While before Jamie had heard gunfire in the distance, now it was right at his door. Stray bullets pierced windows in the family’s home and lodged in walls. No one was hurt, but Jamie and Sami were terrified for their children’s safety.
One night in June, Jamie carried Jerome in his arms and led Adelina down to their new bedroom — in the basement.
He laid Jerome in a crib, wrapped him with a blanket and gave him a bottle of milk.
“Goodnight little baby, I love you,” he said, touching his son’s forehead before turning off the light.
The children would be sleeping there now, where Jamie and Sami hoped they would be safer than in the first-floor bedrooms.
The ongoing violence and tensions were taking a toll on Tyson, too. He felt always on guard, constantly looking outside to see and hear what was going on. He began to have trouble sleeping and would wake up in the middle of the night to gunfire.
Sometimes he found himself wishing Floyd’s death hadn’t happened so close to his home.
“He’s struggling on all fronts, just like I am,” Jamie said of his elder son. “I don’t know if I'm the one that’s doing harm to him by us being here.”
Eventually, it was too much. In midsummer, Jamie and Sami began looking for a new place to live, somewhere quieter, outside the city. But the search dragged on for months.
While Sami worked as a teacher, Jamie was taking care of the children full-time — someone needed to stay home with Tyson to help him with remote school, and Jamie was too worried about the children’s safety to leave them with someone else. The family’s single income made it harder to find another place to live, Jamie said.
“This is hell, living here. Having to watch my son suffer all the time and be worried and anxious,” Jamie said. “I still hold guilt because I don't know whether or not this is going to have long-term negative effects on my kids.”
‘Trying to heal’
After months of looking for a new home, Jamie and his family moved to Monticello, a suburb about 50 minutes northwest of Minneapolis, in October. Jamie had some friends in the area, and it was one of the only communities within the family’s budget.
“I do feel like a sense of privilege that we were able to get the hell out of there even though it took forever,” Jamie said in January. “I feel guilty for the people of color who don’t have any other option.”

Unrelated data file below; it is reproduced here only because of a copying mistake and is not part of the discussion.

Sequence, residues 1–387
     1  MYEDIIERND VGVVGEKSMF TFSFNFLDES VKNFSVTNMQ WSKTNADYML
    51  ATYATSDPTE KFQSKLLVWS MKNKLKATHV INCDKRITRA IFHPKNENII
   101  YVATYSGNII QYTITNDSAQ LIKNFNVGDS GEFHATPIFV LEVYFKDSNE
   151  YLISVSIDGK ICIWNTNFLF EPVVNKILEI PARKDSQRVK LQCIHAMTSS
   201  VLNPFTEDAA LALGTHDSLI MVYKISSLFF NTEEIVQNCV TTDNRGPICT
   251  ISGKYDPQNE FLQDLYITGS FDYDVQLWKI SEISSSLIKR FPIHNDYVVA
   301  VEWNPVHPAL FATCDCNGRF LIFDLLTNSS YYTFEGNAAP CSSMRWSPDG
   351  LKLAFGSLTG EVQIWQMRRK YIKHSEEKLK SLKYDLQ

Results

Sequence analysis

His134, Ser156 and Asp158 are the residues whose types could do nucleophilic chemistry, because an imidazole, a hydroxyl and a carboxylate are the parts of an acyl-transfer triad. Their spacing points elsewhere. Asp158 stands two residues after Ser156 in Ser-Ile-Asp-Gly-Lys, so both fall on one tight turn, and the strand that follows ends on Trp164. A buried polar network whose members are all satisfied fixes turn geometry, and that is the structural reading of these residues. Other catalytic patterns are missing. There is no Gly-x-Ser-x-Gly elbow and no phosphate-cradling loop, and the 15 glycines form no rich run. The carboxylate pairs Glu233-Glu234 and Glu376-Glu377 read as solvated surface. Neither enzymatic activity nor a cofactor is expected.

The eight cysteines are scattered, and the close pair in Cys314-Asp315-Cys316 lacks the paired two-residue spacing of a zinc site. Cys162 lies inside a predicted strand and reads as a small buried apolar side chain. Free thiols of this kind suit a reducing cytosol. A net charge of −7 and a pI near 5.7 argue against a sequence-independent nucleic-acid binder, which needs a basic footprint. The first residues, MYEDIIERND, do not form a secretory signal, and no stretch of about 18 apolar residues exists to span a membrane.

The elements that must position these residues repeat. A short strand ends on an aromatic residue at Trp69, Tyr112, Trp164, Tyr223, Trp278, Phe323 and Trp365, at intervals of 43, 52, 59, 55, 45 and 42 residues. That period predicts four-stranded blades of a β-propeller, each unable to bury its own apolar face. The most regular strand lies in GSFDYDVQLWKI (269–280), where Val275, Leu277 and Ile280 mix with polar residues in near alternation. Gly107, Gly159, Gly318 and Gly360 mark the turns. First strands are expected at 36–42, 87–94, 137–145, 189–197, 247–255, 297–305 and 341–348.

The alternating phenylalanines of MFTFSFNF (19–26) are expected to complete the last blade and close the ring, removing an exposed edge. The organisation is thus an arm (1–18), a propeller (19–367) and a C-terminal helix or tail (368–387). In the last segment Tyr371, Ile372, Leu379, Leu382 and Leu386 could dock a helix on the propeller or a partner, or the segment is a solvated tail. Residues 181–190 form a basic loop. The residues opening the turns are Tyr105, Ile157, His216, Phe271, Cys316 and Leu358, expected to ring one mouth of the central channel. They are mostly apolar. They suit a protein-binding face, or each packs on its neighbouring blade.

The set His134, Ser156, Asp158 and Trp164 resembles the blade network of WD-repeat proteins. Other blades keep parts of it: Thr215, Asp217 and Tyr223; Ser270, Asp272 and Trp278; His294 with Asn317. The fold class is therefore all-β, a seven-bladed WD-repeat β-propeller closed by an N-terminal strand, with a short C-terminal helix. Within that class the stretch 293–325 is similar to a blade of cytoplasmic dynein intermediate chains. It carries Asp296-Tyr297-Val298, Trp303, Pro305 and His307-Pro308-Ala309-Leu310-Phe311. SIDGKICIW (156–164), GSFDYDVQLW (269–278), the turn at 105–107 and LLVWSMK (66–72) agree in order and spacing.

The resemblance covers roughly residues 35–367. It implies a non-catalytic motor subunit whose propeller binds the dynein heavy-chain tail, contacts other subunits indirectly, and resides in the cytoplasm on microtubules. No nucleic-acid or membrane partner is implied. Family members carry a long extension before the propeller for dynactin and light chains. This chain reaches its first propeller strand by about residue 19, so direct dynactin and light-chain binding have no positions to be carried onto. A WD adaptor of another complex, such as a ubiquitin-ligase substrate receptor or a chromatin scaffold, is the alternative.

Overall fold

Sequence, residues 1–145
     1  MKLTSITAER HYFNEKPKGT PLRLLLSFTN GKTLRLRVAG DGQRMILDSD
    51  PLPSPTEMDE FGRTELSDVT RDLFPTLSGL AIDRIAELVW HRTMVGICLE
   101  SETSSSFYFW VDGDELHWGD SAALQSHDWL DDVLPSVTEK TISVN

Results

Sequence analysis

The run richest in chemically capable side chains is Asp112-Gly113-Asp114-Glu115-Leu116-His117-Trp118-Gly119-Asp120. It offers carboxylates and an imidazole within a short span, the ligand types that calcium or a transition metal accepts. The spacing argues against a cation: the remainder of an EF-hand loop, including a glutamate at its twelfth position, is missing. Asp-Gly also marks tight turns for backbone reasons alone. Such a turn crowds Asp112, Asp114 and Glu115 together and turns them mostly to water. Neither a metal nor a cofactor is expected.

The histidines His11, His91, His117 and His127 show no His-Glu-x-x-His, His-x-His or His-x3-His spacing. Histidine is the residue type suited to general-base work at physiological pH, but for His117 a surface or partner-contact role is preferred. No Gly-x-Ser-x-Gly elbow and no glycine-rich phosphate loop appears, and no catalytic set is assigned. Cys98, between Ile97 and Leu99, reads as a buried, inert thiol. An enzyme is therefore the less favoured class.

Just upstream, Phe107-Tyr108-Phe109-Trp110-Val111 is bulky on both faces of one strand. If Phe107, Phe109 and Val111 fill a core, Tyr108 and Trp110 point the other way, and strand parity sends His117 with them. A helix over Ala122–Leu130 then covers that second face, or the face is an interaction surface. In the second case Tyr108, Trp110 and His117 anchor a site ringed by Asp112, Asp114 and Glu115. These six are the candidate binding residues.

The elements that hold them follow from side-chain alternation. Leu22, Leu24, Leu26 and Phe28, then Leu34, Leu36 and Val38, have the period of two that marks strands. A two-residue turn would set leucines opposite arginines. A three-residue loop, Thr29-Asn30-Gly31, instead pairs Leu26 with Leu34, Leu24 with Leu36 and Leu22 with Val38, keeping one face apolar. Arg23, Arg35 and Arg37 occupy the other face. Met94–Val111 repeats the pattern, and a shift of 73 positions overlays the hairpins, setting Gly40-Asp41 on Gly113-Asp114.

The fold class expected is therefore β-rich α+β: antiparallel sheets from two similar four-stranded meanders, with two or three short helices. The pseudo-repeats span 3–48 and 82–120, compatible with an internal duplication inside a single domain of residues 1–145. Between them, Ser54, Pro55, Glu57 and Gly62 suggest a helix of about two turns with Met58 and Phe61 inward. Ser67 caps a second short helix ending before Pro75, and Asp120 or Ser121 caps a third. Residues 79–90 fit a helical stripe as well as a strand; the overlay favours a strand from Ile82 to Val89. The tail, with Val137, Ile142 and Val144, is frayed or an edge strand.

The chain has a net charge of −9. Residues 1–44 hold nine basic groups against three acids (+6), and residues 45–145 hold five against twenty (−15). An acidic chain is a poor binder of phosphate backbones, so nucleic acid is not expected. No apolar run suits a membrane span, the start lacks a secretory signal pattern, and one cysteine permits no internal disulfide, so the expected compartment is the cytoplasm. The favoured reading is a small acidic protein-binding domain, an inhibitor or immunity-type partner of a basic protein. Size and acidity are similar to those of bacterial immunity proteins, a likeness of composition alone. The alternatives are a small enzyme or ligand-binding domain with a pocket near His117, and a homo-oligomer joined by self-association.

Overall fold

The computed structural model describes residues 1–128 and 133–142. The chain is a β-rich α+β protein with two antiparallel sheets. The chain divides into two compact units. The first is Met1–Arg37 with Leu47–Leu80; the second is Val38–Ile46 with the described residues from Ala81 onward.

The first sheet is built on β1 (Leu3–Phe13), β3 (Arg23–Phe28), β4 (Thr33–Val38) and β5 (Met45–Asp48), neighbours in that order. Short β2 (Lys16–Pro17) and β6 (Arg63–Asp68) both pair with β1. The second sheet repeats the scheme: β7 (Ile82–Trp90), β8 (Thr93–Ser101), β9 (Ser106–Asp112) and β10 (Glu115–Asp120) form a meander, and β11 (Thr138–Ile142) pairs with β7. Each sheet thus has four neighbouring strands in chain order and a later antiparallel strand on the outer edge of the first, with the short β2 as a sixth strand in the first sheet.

He still grapples with the idea of leaving the place he grew up in, and leaving behind many people he cares about, to move to a more conservative area. The town of less than 14,000 is more than 86 percent white and voted for Donald Trump last fall by a nearly 20-point margin.
Jamie said leaving George Floyd Square was both “so comforting and uncomfortable at the same time.”
“I don’t know if we know where we fit in yet,” he said. “But we’re trying to heal, and get into a more ‘normal’ functional type of everyday life.”
Jamie and Tyson have both started therapy. Jamie, who works as a delivery driver for a pizza shop, said he’d recently been offered a management position there. He’s focusing on work and his role as a father, but he also wants to continue fighting for justice for Quiñones.
Tyson had mixed feelings about the move. He missed his friends and the familiar faces he used to see in the square. But in their old neighborhood, he felt that his family’s lives were in danger. He still has trouble sleeping and is afraid of the pop of fireworks.
The new neighborhood has been quiet and feels safer. “I feel a lot better not having to worry as much,” Tyson said.
But Tyson has also felt uncomfortable. One time, he said, a convenience store clerk, who was wearing a Trump-themed mask, accused him of shoplifting and made him empty his bag; he believes she targeted him because he was wearing his “I Can’t Breathe” hat and a Black Lives Matter mask. He said another worker saw what was happening and apologized, allowing him to leave.
Generally, though, Tyson said he’s making friends in his new neighborhood, and is happy to sometimes just be bored. He rides his bicycle around even in the snow, plays sports video games with Jamie and searches for his siblings during hide-and-seek. For his 12th birthday recently, some friends from Minneapolis visited, and they all went sledding together.
“I felt amazing. I rarely get to say that. That one moment probably made my whole month,” Tyson said.
He added, “I get to be a kid now.”